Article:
“I’ve been doing this for 6 months and I make hundreds of dollars each time from people who think they’ve pulled one over on me. Little do they know… Thanks for everything, Ben. You are a great teacher.”

And guess what?

I show you exactly what she is talking about on page 12 in the January “Email Players” issue.

It goes to the printer Tuesday.

After that, you won’t be able to get this issue.

Here is the link:

Ben Settle

Filed under: Email Marketing

True story:

Once upon a time, back when I was still on social media, my woman was looking over my shoulder (I assumed at the time, she was making sure I wasn’t texting some ho…) while I was looking at my Twitter on my phone.

And, she did this often.

Often as in, every single time she noticed me doing it.

Well, guess what?

When I asked her why she’s constantly looking over my shoulder as I was Twitter-ing, she said it had nothing to do with seeing if I was consorting with the Enemy (i.e. other chicks). Instead, she says she was fascinated with how I “curate” my content.

i.e. I am very specific about what I read.

And, also, very specific about cutting out all other things I don’t want to read.

While, apparently, most people get sucked into various rabbit holes in the information they consume each day, wasting only God-knows-how-much-time, filling their head with the ideas, opinions, and virtue signaling grandstanding of random do-nothings and click bait on social media… I was always a “get in and get out as fast as possible” kinda guy.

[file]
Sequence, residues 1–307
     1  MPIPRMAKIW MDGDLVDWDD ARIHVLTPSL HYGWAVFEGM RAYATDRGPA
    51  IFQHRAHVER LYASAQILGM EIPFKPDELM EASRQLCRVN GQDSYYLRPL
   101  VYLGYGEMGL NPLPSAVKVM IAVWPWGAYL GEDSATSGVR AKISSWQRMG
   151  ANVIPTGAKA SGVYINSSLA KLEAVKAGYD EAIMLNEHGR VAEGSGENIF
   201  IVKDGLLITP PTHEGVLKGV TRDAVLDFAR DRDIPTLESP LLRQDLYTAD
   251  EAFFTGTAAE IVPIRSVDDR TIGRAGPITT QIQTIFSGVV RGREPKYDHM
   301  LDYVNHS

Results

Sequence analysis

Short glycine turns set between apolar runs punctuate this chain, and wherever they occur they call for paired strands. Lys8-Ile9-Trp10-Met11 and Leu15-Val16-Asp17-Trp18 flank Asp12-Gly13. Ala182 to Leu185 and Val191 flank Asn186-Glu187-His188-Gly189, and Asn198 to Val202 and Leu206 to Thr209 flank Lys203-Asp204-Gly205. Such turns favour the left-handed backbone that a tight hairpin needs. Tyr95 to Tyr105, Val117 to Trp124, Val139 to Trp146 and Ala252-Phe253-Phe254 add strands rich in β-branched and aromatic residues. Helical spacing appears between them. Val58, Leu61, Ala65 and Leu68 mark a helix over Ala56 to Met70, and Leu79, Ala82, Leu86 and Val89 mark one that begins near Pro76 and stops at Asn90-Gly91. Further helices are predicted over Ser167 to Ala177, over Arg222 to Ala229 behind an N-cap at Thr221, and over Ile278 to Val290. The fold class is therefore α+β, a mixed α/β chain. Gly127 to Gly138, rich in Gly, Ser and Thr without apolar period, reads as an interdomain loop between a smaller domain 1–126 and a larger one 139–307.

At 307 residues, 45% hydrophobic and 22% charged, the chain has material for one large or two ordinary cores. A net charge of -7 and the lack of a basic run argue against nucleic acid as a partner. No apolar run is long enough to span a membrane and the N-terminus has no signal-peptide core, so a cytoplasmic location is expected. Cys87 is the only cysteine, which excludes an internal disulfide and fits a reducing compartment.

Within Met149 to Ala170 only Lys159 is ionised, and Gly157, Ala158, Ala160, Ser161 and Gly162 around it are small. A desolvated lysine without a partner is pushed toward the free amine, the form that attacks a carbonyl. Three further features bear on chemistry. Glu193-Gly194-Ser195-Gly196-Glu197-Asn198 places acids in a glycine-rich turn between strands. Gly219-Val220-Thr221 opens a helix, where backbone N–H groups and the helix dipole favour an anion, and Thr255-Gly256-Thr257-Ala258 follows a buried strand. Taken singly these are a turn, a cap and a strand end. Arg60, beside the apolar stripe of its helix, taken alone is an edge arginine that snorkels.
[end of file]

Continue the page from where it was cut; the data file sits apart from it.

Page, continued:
Anyway, here’s why this matters to you:

As aggressively as I “curate” content I consume, I even more aggressively curate my customers.

Almost every email I write is intended to repel the wrong kind of customer.

(Including in *this* email already.)

In fact, I have found the more I repel the people I don’t want, the more I automatically turn on the people I do. And the more I do this, the more my sales go up. The less I do it, the less my sales go up.


Customer curation is so powerful, I’ve created many emails for systematically doing so over the years.

Like, for example, the emails on pages 13 & 14 in the January “Email Players” issue.

I use this email idea a few times per year.

And, every time it (1) weeds out the people I don’t want buying (2) demonstrates zero neediness (something people unconsciously look for before buying, which is why you want to demonstrate it constantly by, well, not being needy…) and (3) builds a roster of customers I like and want to deal with and continue helping.